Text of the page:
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Landscape Quality: Policy Performance in England in Relation to the European Landscape Convention

Lookup NU author(s): Maggie Roe

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Abstract

In November 2007 researchers at the Universities of Newcastle and Manchester were commissioned by Natural England to carry out research in support of the implementation of the European Landscape Convention (ELC). Specifically, to examine whether current policy in England reflects the content of the Convention. The methodology of the project was qualitative, based on a content analysis of sample documents focussed primarily at the national and regional levels. An examination of the language and intent of the documents was carried out and key considerations from Articles 5 & 6 of the Convention were identified and used as indicators of intent. Digest sheets for each policy document were produced and an overall analysis then carried out. The major objective was to identify mechanisms within policy documents that guide regional authorities on how to incorporate, connect and respect landscape in strategies and guidance relating to spatial planning and policy sectors. This paper uses the results of this study to reflect on the new challenges that have arisen for policy makers and planners in England as a result of the ratification of the ELC. The results of the project show that while it is important to consider the intent of documents as well as the language used the difficulty is in finding robust indicators that provide for the landscape issues set out in the Convention and that can be used to in an examination of cross-sectoral policies. This paper focuses in particular on how these results relate to issues of landscape quality. Quality is now a core consideration not only within the ELC, but generally in landscape and planning policy circles; a new language has developed that reflects this (quality of life, visual quality, etc.). Indeed this issue of quality has become a key consideration in many of the tools now used routinely in landscape assessment, planning and design. Nan Fairbrother suggested that ‘even universal respect for the environment is still not enough. There must first be an environment worth respecting, and even the most excellent planning policy will not of itself create a good environment. This in fact is our present landscape tragedy: that the old was mostly good, the new is mostly not, and that through planning has limited the spread of the new, it has scarcely at all improved its quality’ (Fairbrother, 1972, p.174). Landscape policy is the framework under which decisions are made and actions are taken by policy-makers and planners to address landscape change in the UK. Fairbrother believed in action; she understood that we cannot rely on the cultural land management traditions of the past to provide a quality landscape for the future when such traditions are ‘vanishing’ and are unresponsive to the needs of a changing society. Now as then, we need active tools to ensure that whatever we have, we have quality in our landscape. This paper reflects on what is meant by ‘landscape quality’ and whether our present policy and planning tools respond to this desire for quality that is central to ELC thinking. Reference: Fairbrother, N. (1972 orig. 1970) New Lives, New Landscapes (Harmondsworth, Penguin)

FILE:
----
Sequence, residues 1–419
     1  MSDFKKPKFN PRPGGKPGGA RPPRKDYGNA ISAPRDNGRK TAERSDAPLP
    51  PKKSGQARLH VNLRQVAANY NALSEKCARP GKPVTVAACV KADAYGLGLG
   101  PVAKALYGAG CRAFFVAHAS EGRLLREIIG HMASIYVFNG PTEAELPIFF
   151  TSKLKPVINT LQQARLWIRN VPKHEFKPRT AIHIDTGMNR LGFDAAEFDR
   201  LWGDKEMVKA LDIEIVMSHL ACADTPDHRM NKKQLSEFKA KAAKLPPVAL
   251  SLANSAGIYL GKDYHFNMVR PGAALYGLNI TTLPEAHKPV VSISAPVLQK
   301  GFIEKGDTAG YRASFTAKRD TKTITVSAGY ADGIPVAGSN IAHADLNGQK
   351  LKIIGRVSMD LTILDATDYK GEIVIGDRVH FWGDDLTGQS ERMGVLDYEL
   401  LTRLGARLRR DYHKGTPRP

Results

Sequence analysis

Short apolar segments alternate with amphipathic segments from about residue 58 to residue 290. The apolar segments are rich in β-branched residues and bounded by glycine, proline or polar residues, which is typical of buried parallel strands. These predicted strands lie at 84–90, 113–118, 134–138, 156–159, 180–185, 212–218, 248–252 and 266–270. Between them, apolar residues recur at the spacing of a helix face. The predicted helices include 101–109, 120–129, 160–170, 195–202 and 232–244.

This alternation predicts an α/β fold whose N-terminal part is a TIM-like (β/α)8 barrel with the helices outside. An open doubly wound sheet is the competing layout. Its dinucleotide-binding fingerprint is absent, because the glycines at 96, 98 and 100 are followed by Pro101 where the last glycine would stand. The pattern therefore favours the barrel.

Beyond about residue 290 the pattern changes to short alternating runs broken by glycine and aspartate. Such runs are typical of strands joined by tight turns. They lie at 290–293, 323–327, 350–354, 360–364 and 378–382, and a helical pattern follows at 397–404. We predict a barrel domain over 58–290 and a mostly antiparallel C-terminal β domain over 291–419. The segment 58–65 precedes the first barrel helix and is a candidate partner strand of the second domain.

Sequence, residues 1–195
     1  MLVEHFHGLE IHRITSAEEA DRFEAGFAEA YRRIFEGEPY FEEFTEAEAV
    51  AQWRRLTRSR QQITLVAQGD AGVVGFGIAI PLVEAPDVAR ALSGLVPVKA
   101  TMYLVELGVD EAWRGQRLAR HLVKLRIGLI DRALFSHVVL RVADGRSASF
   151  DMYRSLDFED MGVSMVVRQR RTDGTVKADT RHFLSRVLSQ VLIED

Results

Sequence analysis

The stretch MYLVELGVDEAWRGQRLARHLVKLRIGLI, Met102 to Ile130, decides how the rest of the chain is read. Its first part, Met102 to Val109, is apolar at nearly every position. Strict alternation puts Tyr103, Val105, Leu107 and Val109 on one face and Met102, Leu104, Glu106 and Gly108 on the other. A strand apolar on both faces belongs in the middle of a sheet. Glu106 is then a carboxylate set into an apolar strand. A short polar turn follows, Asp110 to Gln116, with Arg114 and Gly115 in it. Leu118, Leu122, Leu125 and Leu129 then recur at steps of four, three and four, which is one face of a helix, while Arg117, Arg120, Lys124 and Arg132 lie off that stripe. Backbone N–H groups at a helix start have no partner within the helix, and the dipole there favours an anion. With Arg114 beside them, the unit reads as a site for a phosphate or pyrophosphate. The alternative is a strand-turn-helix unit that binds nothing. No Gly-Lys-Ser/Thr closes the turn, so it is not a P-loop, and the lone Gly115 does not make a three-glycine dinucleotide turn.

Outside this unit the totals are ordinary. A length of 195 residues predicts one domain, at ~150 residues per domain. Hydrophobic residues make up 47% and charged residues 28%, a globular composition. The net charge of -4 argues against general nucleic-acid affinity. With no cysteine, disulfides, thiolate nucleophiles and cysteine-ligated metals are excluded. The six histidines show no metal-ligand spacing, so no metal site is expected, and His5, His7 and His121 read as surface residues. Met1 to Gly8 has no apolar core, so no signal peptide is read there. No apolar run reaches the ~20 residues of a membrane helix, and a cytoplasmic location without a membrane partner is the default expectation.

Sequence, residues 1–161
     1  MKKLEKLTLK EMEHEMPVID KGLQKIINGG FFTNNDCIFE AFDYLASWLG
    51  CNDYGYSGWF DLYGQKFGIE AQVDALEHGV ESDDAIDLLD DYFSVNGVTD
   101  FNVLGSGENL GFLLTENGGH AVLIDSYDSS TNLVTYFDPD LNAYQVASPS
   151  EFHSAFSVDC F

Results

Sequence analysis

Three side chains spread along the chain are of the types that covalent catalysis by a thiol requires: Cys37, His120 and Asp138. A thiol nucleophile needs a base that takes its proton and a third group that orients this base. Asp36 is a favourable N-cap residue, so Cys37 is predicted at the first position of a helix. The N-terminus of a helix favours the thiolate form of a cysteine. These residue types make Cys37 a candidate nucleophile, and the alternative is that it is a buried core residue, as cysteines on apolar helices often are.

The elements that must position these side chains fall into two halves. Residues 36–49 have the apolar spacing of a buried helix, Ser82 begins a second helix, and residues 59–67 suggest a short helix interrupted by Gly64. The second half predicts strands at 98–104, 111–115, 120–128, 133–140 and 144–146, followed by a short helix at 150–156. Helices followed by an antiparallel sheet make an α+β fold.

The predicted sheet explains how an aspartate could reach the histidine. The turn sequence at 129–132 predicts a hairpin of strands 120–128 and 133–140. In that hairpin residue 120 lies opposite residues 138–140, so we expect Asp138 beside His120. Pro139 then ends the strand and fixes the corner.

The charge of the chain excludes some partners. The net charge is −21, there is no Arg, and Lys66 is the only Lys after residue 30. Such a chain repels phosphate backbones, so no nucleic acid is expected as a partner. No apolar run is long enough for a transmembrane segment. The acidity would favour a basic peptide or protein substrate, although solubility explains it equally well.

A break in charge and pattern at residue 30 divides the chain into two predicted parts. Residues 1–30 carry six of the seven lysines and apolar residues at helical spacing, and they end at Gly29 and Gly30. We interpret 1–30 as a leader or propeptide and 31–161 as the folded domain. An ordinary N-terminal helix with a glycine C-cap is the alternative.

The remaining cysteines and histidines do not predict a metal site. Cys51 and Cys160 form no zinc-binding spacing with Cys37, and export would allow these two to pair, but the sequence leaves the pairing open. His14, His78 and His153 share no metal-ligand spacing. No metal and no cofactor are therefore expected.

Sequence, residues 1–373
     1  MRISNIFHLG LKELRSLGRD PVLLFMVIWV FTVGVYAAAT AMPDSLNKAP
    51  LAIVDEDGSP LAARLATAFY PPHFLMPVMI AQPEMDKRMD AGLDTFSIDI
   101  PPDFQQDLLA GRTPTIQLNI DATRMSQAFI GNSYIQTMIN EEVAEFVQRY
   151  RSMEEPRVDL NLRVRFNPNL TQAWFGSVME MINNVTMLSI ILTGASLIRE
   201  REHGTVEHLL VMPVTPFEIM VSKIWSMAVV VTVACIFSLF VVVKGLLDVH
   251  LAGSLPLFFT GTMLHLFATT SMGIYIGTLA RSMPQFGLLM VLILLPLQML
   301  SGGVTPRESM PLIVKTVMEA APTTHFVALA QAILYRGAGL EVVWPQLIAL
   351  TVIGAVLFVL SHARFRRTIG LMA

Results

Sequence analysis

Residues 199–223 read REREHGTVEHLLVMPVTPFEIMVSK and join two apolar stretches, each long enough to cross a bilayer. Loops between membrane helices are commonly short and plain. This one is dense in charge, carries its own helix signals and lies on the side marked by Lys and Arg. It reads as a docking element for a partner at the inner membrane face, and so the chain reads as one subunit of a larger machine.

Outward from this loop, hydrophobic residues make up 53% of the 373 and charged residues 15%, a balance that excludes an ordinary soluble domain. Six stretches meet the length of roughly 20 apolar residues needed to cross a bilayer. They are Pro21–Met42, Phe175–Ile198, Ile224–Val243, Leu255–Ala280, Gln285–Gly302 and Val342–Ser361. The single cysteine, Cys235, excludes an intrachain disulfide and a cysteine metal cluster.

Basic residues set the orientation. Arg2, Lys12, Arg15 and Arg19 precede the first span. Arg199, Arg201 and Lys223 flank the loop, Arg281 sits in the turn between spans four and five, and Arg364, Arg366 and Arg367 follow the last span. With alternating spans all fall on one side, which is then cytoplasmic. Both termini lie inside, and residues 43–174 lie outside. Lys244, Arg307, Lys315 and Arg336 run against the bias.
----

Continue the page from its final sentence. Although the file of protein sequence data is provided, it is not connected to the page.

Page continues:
Publication metadata

Author(s): Roe MH

Publication type: Conference Proceedings (inc. Abstract)

Publication status: Published

Conference Name: New Landscapes - New Lives: New Challenges in Landscape Planning, Design and Management

Year of Conference: 2008

Publisher: European Council of Landscape Architecture Schools

URL: http://www.ltj.slu.se/eclas/program.html


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